Two years before that I had my audition for Wokingham Choral Society with their new MD Paul Daniel. I persuaded him to take me on, despite my limitations when it came to reading music (and at the time I didn't even have a keyboard of any kind at home to help with note-bashing) on the strength of my having "recently" sung Beethoven's Mass in C (WCS's concert piece that term) with MagSoc's choir. That recently was something of an exaggeration, but it sounded more persuasive than the more accurate 'about 12 years ago when I was looking for an unauditioned choir having been kicked out of the chapel choir').
After three years with that choir (three years that coincided with Paul Daniel's tenure, before he went on to greater things) I left WCS, to return in the early noughties, under Aidan Oliver. On the strength of being a returning member I escaped without audition. (This may have had something to with the maestro's attitude to red tape.)
The rehearsals went well until three or four weeks before the concert, when Paul Daniel began to feel a pain in his shoulder. A physiotherapist and member of the choir kept telling him to get it seen to, but he tried to work though the pain. Finally, on the Friday before the concert he saw a specialist and was told that if he conducted at the concert it might be the last concert he conducted.
<hearsay>So at incredibly short notice they found a new conductor, Brian Wright whose biography mentions the piece.
(well anyway, that's what the chairman said when he told us on the Saturday morning, and it's at least plausible)
<pre-history>Four things struck me about the concert :
(although that was with the RPO; he cut his teeth with WCS.)
- The venue: it was a sports hall, converted pro tem – not a great success acoustically
- The conductor, a northerner, didn't like the way we said brass. He didn't try to change it, but said he felt more comfortable with choirs who said /bræs/. I think Walton, a Lancastrian, would probably have agreed.
- From the horse's mouth (that is, Walton's) he corrected the printed score with respect to the triplet when the choir sings 'weighed in the balance'. (I'm afraid the details escape me.)
- Also on the programme was Paco Peña, whose performances I had enjoyed twice in the late '60s.
One of these was at the Guildford Festival. My oldest sister was a student at the University of Surrey, which was linked in some way with Battersea Technical College. Linking the two sites was a shuttle minibus, on which I stowed away disguised as a student (I was in the fifth year – or "Year 11" in new money).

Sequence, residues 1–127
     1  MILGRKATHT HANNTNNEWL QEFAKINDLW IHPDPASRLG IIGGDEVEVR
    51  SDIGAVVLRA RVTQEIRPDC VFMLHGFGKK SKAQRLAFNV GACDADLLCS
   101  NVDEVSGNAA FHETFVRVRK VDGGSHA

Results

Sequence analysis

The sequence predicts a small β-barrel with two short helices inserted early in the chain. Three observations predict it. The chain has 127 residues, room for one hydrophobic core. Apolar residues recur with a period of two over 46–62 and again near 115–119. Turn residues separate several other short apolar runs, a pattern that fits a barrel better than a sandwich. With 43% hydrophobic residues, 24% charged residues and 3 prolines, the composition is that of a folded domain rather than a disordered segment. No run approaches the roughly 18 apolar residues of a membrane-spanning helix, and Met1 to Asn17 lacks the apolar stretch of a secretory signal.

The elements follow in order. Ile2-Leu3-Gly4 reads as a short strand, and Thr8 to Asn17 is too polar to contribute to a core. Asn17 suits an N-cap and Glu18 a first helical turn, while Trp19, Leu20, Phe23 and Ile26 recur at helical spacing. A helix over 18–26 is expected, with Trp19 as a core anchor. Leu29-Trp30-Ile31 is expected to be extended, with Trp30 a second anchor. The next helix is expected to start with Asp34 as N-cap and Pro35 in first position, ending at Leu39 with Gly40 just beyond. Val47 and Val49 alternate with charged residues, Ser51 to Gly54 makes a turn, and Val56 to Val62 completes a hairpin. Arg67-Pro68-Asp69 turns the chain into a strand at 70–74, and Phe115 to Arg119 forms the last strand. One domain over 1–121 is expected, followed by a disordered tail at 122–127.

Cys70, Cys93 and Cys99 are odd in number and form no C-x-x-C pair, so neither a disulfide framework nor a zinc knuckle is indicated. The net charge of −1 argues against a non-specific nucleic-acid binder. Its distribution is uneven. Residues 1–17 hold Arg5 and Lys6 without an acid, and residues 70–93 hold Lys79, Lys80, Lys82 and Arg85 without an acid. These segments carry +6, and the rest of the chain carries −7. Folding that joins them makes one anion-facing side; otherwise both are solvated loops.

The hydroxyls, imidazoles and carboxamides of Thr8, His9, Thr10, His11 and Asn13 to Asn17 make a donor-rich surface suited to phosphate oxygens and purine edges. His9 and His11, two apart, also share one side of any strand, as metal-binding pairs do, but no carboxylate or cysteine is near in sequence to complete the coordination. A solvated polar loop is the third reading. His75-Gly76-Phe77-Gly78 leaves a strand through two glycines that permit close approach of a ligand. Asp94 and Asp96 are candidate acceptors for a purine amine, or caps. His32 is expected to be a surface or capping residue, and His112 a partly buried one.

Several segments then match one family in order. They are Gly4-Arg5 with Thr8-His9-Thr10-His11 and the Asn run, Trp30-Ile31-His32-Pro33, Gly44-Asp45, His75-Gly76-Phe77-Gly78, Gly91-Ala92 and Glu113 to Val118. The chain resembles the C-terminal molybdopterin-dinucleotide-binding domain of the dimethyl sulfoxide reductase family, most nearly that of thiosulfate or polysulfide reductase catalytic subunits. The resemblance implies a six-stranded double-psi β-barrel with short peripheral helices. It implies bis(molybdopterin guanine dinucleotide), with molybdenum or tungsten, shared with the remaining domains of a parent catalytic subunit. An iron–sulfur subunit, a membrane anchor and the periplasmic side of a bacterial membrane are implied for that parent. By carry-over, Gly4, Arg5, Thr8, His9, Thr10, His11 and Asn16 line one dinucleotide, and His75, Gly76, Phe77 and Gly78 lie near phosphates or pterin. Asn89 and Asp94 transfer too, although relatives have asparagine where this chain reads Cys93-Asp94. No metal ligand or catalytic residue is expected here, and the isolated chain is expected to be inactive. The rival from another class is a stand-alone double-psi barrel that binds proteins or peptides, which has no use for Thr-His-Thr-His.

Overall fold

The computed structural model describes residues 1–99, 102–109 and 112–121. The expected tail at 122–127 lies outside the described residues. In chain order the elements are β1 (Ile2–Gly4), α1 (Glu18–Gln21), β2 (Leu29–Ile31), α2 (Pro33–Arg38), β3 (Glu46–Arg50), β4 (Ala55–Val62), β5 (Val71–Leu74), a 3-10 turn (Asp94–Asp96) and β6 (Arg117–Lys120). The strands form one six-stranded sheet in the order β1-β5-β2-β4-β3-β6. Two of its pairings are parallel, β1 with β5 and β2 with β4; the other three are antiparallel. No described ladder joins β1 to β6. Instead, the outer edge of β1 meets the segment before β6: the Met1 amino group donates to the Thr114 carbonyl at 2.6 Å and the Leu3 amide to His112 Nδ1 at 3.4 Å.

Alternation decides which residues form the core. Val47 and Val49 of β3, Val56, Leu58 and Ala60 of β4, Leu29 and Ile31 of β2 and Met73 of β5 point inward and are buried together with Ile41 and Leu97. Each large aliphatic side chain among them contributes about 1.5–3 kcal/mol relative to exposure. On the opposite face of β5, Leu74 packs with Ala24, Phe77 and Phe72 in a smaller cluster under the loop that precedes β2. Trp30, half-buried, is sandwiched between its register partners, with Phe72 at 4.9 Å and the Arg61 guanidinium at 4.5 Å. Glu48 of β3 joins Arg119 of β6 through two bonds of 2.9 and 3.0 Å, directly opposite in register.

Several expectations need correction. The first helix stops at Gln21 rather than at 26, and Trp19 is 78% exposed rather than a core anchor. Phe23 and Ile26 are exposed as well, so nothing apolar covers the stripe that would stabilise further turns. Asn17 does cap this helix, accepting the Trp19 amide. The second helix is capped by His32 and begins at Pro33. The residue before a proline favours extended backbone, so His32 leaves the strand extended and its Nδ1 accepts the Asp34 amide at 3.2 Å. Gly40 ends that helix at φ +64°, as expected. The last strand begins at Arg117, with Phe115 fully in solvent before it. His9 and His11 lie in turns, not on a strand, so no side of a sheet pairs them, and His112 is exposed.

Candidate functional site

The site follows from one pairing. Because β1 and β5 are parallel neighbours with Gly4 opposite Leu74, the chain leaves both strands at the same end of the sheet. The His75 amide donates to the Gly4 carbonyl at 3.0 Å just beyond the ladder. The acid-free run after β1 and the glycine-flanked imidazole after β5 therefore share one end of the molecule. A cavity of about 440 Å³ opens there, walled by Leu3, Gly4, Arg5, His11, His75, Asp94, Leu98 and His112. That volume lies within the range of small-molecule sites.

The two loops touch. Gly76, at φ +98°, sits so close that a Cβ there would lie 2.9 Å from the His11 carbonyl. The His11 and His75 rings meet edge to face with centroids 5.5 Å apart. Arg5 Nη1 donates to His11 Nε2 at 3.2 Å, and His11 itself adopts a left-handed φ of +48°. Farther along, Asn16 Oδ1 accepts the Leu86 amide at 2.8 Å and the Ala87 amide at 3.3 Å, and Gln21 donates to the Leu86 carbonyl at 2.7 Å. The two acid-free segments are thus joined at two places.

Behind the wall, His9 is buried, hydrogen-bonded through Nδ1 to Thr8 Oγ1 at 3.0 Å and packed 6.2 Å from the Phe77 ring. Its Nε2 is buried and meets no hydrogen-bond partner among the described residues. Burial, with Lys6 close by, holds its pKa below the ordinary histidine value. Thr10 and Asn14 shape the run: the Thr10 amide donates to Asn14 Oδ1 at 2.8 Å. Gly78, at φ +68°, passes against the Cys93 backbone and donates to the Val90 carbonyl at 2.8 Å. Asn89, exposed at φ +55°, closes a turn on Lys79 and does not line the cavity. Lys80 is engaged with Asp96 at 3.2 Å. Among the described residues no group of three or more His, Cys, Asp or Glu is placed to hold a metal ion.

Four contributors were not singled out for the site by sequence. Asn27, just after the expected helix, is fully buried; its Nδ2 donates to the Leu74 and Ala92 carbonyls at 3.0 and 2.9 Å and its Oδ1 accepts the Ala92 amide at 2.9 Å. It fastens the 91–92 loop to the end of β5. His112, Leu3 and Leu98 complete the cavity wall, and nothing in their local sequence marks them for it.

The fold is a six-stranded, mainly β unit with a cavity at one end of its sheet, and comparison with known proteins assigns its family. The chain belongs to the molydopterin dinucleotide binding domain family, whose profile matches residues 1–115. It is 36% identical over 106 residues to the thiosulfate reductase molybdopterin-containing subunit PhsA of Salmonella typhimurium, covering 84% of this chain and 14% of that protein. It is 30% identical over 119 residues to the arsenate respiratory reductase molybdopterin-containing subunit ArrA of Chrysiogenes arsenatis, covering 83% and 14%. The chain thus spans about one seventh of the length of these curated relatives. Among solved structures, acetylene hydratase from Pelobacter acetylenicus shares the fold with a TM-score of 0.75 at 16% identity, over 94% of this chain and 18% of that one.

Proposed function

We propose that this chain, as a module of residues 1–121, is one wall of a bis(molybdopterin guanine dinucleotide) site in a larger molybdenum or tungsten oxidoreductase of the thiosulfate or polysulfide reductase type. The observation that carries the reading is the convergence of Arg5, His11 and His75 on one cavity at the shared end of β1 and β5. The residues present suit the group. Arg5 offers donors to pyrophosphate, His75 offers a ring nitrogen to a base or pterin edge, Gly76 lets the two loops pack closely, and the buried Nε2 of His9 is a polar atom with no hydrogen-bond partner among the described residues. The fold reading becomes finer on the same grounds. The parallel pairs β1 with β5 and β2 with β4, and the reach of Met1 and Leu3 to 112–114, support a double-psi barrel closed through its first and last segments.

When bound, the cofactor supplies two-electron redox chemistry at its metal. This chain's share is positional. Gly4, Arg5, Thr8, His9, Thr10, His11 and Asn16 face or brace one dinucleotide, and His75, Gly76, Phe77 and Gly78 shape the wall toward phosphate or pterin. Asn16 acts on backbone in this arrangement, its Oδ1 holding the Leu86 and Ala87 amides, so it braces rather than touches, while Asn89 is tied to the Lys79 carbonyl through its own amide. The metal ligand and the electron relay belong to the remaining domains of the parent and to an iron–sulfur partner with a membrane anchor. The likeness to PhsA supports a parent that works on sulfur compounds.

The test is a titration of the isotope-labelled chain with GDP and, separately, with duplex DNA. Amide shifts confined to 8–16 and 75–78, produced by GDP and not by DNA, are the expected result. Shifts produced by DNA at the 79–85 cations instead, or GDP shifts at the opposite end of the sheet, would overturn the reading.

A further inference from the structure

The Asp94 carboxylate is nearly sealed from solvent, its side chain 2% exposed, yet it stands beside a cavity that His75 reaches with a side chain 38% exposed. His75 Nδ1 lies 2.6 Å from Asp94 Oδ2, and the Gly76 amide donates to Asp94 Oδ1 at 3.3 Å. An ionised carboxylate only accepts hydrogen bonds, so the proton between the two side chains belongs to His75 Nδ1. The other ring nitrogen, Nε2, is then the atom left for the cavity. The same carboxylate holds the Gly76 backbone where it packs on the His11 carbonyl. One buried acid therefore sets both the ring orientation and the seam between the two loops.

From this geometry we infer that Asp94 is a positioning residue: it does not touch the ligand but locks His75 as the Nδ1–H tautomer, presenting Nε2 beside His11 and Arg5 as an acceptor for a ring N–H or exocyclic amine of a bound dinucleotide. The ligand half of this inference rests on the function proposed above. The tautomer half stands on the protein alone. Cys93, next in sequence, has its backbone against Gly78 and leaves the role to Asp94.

The concert was called something like "Three aspects of the guitar", and was divided between John Williams (classical), Paco Peña, (flamenco) , and Chris Spedding (a late replacement for a jazz guitarist, though "jazz" is not a very apt description of his one hit, "Motor bikin'").
At the end, John Williams announced that, having met for the first time that afternoon, they were going to play together. With his three-finger (classical) tremolo his Repertoire included Tárrega's Recuerdos de la Alhambra (that clip demonstrates both the technique and the piece). Paco Peña, with his four-finger (flamenco) tremolo (how VERY DARE they use the little finger?) knew the tune well enough to improvise an accompaniment. And Chris Spedding would do his thing. Hmm? (His solo contribution to the concert proper didn't inspire confidence.)
The two acoustic guitars started, confirming Fernando Sor's opinion:...
<no-source>,...(something about the only sound more beautiful than a guitar being the sound of two). So we eyed Chris Spedding's VOX AC30 with dread.
Sorry, can't place it. I believe I saw it on the sleeve notes to John Williams and Julian Bream's first Together album.
In the event his contribution was far from intrusive; and when the music finished – after a moment when we hoped (vainly) for more – there was the sort of ovation that I had never been part of before (and have never been part of since). It was not a matter of a few people standing up and others joining them. It was unanimous (in a way that does justice to the roots of the word: one mind).
</autobiographical-note>You've got to draw a line somewhere... Life's just one AOB after another.